Up until very recently, participants in a crowdfunding project would receive rewards as thank-you’s for their donations. They might get a T-shirt, a special service from the developer like writing code, or an opportunity to preorder the product. They would not, however, get a stake in the company.
That began to change after the passage of the Jumpstart Our Business Startups Act (JOBS) Act in April 2012. Under Title II of the act, accredited investors with a minimum $1 million in net worth or income above $200,000 for the previous three years could contribute to a company in exchange for a stake, beginning in late September 2013.
Then in June 2015, Title IV of the act, also known as Regulation A+, took effect, allowing nonqualified investors to get a stake in crowdfunded projects so long as they didn’t invest more than 10% of their income or net worth per year. Companies could raise up to $20 million under Tier I following review by state regulators or up to $50 million under Tier II, after a review by the Securities and Exchange Commission.
If you’re wondering what happened to Title III, it’s coming. But first the SEC has to set final rules, and then an online funding platform has to be created that will be subject to regulation. Title III will allow entrepreneurs to raise up to $1 million in seed money from investors who contribute as little as a few hundred or a few thousand dollars, according to Doug Ellenoff, a corporate and securities attorney at Ellenoff Grossman & Schole LLP, who expects the SEC will act this month.
Given these expectations, ThinkAdvisor thought it a good idea to showcase some nifty products that were created as a result of crowdfunding campaigns and are now available for purchase plus a couple of planned products that are being financed under Title IV, or Regulation A+, of the JOBS Act, but not yet available for purchase. Take a look:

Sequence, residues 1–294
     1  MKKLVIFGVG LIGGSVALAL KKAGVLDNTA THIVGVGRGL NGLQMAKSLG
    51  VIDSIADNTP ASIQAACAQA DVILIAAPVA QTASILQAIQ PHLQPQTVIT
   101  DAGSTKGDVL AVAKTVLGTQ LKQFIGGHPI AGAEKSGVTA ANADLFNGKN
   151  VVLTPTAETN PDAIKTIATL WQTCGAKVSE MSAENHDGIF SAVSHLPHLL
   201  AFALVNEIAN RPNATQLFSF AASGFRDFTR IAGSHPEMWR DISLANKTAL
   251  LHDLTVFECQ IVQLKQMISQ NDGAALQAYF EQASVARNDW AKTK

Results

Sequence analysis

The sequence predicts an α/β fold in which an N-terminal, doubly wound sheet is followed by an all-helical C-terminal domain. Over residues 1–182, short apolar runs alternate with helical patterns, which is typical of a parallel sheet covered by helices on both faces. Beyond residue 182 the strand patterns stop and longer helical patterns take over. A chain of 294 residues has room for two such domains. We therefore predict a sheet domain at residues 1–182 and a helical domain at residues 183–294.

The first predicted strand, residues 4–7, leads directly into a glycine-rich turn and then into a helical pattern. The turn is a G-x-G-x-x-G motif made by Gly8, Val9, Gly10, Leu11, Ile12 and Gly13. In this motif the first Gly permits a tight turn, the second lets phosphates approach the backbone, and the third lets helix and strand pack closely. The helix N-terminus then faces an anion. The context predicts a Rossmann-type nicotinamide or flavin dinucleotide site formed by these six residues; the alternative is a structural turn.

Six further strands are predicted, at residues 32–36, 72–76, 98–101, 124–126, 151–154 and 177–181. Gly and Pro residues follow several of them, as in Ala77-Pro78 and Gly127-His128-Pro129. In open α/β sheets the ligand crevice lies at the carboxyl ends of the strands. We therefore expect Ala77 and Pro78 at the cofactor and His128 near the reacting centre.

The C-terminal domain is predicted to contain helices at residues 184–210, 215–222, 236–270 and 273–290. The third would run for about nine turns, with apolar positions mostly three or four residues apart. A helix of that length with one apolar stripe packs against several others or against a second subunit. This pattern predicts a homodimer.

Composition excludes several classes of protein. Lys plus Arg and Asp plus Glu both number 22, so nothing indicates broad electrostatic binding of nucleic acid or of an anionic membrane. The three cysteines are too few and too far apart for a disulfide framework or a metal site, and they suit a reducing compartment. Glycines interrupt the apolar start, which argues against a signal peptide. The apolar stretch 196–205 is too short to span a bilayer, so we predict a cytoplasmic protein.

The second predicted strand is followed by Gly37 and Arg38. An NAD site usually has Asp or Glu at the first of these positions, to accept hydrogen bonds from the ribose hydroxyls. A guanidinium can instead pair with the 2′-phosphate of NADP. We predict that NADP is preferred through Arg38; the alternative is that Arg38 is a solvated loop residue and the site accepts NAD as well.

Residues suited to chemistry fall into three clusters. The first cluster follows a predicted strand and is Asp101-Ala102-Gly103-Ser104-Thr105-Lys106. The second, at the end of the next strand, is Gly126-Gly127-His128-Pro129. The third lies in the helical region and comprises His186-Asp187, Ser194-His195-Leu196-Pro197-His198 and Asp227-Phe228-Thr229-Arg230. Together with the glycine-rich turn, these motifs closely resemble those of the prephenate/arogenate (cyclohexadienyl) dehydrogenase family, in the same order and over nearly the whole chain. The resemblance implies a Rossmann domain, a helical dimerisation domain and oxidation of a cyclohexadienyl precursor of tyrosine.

These next two devices are Lost Item Trackers. These small tags can be attached to your keychain, purse, bicycle — even your dog. They help you locate lost items or living creatures using GPS networks linked to your smartphones or computers.
Funds raised: $1,683,627
Retail price: $29
2. TinTag (rechargeable tracker)
Funds raised: $102,006
Retail price: $29
3. Pet Cube. This camera in a cube that pets can play with or just observe lets pet owners watch and talk to their pets from remote locations via links to smartphones. The product was funded on Kickstarter and, according to its website “became one of the most successful crowdfunding pet products in history.”
Funds raised: $251,225
4. V4 Pogo Stick. The air-powered V4 is not just for fun but also for a full-body exercise that works lower back, glutes, quads, hamstrings, calves, triceps — basically all the muscles from the waist down, according to Indiegogo, the crowdfunding website. Its design includes shock absorbers and a grip tip that can soften the impact of a an 8-foot maximum bounce.
Funds raised: $99,912
5. Half-Bike. It looks like a cross between a skateboard and traditional bicycle, with a big wheel in front and two training-like wheels in the back, with the rider standing. The Bulgarian-based architect duo who designed the half-bike call it a “new kind of personal vehicle” that trains balance and reflexes while providing a mode of transportation close to walking.
Funds raised: $973,764